CFS-I scores varied from 4 to 7 (5 people [12.9%] were assigned a score of 4 [vulnerable], 19 [74.4%] had a score of 5 or 6 [mildly or moderately frailty], and 5 [12.8%] had a score of 7 [severely frail]), while CFS-C scores varied from 1 to 7 (7 [18.0%] scored between 0 and 4; 26 [66.6%] were mildly or moderately frail and 6 [15.4%] were severely frail). No one was classified as either very severely frail or terminally ill. Mean scores were not statistically significantly different (mean CFS-I score: 5.56 [95% confidence interval (CI): 5.28–5.74] vs. mean CFS-C score: 5.41 [95% CI: 5.03–5.79]), and the median for both CFS-I and CFS-C scores was 6.0. Cohen’s kappa coefficient was 0.64, indicating substantial agreement. (13) Twenty-nine (74.4%) of 39 scores agreed perfectly, while nine scores were only one level apart (Figure 1). Among the 32 people with frailty (CFS score of five or more), 26 (81.3%) scores agreed perfectly and six differed by one point. Only once did the scores differ by four levels; the CFS-I was 5 (mildly frail), while the CFS-C was 1 (very fit).



FIGURE 1 Comparison of CFS-I and CFS-C scores
CFS-I = Clinical Frailty Scale score assigned by nurse clinician (JW); CFS-C = Clinical Frailty Scale score assigned by medical student researcher (JD). Overlapping shapes (circle with cross inside) represents 100% agreement between the two raters.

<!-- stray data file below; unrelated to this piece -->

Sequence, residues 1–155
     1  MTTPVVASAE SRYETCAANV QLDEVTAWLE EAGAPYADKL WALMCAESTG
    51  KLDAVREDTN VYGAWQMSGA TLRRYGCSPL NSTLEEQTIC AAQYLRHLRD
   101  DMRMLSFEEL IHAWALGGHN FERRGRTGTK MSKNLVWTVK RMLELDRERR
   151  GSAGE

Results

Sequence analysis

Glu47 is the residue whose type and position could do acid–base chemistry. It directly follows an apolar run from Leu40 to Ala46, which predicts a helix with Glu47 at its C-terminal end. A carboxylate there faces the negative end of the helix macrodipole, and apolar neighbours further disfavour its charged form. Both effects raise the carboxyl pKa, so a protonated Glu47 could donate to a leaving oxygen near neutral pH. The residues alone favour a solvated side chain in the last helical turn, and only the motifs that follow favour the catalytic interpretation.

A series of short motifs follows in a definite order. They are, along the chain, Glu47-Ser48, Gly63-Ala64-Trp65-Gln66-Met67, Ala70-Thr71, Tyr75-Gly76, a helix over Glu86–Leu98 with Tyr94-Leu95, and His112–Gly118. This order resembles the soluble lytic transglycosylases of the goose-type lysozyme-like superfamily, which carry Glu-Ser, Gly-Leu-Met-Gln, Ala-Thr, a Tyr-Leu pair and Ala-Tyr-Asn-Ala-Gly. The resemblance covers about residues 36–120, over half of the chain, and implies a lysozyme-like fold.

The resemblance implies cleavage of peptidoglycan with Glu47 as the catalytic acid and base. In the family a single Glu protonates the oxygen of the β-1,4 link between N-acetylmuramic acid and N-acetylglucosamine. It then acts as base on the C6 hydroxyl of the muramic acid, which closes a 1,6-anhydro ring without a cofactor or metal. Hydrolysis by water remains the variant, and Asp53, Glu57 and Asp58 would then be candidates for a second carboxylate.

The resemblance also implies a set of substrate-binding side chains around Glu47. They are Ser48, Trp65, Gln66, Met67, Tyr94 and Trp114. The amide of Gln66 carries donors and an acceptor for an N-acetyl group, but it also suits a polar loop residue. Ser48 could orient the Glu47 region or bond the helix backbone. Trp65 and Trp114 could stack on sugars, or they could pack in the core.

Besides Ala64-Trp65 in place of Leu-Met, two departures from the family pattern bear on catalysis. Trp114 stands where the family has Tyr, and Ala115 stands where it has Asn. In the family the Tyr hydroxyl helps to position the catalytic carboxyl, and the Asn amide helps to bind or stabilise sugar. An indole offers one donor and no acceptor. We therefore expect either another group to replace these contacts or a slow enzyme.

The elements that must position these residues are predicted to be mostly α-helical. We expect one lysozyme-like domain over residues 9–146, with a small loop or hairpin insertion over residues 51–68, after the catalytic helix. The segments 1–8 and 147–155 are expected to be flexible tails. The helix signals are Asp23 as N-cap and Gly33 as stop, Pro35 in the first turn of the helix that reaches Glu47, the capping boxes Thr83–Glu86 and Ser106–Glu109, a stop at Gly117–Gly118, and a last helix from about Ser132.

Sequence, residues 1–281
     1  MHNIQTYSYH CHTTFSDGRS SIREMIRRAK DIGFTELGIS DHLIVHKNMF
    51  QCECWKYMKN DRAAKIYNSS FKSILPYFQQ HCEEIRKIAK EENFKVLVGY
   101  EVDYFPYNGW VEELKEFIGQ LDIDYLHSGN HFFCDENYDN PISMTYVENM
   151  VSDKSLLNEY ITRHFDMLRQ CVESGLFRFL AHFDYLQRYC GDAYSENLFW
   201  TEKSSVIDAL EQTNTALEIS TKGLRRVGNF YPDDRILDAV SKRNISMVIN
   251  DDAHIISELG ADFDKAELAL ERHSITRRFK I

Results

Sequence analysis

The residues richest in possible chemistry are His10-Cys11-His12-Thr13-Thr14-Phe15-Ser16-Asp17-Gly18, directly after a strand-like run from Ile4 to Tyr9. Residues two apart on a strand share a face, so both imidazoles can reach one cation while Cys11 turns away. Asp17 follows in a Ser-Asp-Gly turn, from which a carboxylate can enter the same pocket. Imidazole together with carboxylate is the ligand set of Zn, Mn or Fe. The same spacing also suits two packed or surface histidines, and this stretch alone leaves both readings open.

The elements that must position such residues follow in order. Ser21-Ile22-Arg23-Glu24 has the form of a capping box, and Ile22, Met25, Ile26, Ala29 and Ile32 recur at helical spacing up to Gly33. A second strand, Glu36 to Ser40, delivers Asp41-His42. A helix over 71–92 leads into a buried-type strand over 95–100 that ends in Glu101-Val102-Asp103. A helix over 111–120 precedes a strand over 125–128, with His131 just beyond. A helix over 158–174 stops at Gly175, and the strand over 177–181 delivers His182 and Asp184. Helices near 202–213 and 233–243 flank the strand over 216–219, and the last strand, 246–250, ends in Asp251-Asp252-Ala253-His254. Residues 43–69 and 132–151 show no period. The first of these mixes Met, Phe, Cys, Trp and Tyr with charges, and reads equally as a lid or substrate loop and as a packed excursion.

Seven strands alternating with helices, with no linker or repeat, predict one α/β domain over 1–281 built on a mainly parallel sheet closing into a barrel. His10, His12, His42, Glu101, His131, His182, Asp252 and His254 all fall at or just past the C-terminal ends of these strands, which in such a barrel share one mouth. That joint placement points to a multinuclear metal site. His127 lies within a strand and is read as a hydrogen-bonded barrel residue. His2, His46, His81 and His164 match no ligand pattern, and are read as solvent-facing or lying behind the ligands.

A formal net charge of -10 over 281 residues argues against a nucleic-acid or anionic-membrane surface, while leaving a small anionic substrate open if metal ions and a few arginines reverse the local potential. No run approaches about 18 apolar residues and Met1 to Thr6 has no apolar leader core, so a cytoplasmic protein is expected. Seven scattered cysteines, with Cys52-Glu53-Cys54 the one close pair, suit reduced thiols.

Study findings indicate that overall CFS scores determined from a retrospective chart review agree with those assigned immediately following clinical assessment (Cohen’s kappa: 0.64), suggesting that retrospectively assigned CFS scores are a reliable measure of clinical frailty. However, the validity of retrospectively assigned scores warrants future study.

Increased understanding of the psychometric properties of frailty measures is needed, as frailty has become an increasingly common predictor variable in medical studies. For example, Masud and colleagues(8) noticed that the variation in elderly patients’ recovery from burns could not be simply explained by chronological age. Suspecting that frailty was a better outcome predictor, they assigned CFS scores based on retrospective chart review and found that those with lower frailty scores had improved survival rates. However, as the psychometric properties of a retrospectively determined CFS were unknown, they had to cite this as a study limitation.